Apple my role model on unlocking users' data: Huawei founder
New Delhi: For Huawei founder Ren Zhengfei, Apple is his role model in a scenario where the Chinese government requests the company to unlock its devices which might go against the users' interests.
In an interview with the Financial Times, Zhengfei stressed that his company will not provide users' data to the Chinese government at any cost, the way Apple does.
"We will never do such a thing. If I had done it even once, the US would have evidence to spread around the world. Then the 170 countries and regions in which we currently operate would stop buying our products, and our company would collapse.
"After that, who would pay the debts we owe? Our employees are all very competent, so they would resign and start their own companies, leaving me alone to pay off our debts. I would rather die," he was quoted as saying.
According to him, users control their own data, not Huawei.
"Data is owned by our customers, not us. Carriers have to track every user, otherwise no phone calls could be made. It's a carrier's duty to track user data. We, as an equipment provider, don't track any data," said the company founder.
The US government has banned Huawei to operate in the country in the interest of national policy, claiming it is hand in glove with the Chinese government.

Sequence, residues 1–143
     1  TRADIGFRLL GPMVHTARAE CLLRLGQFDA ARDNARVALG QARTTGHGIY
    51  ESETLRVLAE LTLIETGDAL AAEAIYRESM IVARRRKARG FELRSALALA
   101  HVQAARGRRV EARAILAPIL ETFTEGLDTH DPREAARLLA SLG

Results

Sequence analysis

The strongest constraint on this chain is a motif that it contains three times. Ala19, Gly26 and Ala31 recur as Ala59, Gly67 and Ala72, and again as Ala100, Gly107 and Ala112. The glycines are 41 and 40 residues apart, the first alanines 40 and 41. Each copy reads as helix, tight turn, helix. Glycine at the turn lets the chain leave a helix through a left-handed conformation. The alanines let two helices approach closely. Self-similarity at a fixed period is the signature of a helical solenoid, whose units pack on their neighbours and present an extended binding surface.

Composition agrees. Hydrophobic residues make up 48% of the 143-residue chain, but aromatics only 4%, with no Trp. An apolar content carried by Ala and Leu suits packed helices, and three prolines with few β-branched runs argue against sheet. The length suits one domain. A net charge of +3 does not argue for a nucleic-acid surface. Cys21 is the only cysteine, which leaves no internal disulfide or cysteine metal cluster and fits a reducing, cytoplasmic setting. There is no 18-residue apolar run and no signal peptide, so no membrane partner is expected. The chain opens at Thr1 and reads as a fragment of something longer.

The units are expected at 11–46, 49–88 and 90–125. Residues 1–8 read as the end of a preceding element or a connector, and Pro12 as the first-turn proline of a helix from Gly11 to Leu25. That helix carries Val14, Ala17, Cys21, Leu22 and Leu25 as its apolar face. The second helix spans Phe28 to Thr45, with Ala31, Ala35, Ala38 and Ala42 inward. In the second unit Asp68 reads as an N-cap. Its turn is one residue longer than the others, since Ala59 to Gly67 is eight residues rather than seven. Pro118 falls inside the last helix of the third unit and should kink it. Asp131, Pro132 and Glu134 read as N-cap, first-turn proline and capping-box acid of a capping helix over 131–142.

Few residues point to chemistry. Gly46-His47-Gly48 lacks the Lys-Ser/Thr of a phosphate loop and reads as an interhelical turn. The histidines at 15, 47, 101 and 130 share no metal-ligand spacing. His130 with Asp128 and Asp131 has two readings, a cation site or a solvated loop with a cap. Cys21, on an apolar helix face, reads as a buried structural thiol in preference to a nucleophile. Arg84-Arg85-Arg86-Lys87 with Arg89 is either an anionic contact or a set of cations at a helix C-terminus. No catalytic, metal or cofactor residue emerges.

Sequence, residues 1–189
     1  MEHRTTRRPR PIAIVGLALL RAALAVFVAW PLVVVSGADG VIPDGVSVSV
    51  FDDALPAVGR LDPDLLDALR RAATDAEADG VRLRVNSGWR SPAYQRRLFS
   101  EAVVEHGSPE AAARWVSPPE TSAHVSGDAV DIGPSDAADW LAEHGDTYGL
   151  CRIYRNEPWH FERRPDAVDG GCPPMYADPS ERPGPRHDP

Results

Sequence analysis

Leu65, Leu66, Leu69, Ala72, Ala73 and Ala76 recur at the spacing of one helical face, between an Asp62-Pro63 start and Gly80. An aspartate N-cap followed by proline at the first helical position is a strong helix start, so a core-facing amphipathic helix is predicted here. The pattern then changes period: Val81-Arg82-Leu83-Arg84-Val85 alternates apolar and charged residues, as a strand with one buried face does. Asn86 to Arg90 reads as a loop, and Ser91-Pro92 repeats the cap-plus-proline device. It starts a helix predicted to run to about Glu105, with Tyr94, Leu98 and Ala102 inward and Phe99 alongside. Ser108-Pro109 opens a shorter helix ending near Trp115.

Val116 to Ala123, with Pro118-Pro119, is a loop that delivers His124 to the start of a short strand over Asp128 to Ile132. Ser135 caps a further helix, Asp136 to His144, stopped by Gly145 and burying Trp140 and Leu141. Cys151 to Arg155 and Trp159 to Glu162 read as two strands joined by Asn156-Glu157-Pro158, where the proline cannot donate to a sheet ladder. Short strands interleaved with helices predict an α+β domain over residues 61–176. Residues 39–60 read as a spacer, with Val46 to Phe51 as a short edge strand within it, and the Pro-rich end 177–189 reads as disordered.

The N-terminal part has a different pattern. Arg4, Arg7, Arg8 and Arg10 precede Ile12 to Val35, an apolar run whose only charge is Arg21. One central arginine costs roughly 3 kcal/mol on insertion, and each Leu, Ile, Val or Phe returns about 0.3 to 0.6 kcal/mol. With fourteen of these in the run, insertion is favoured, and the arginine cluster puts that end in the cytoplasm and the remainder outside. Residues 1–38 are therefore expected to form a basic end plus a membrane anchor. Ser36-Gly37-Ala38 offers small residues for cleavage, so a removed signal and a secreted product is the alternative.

Sandwiched between the ongoing US-China trade war, Huawei has now been allowed by President Donald Trump to purchase technology from American companies but the 5G ban is still in place.
As the fallout of the US ban, Huawei is looking at a massive $30 billion loss in revenue for this year, with net profits expected to be around $8 billion.
According to Zhengfei, Trump's fears are baseless as Chinese government manages private companies through legal frameworks and taxation.
"They don't intervene in their business operations. I don't know why the US government micro manages its tech companies as much as they do. They act like a mother-in-law, and if they get too involved, their daughters-in-law might run off," he added.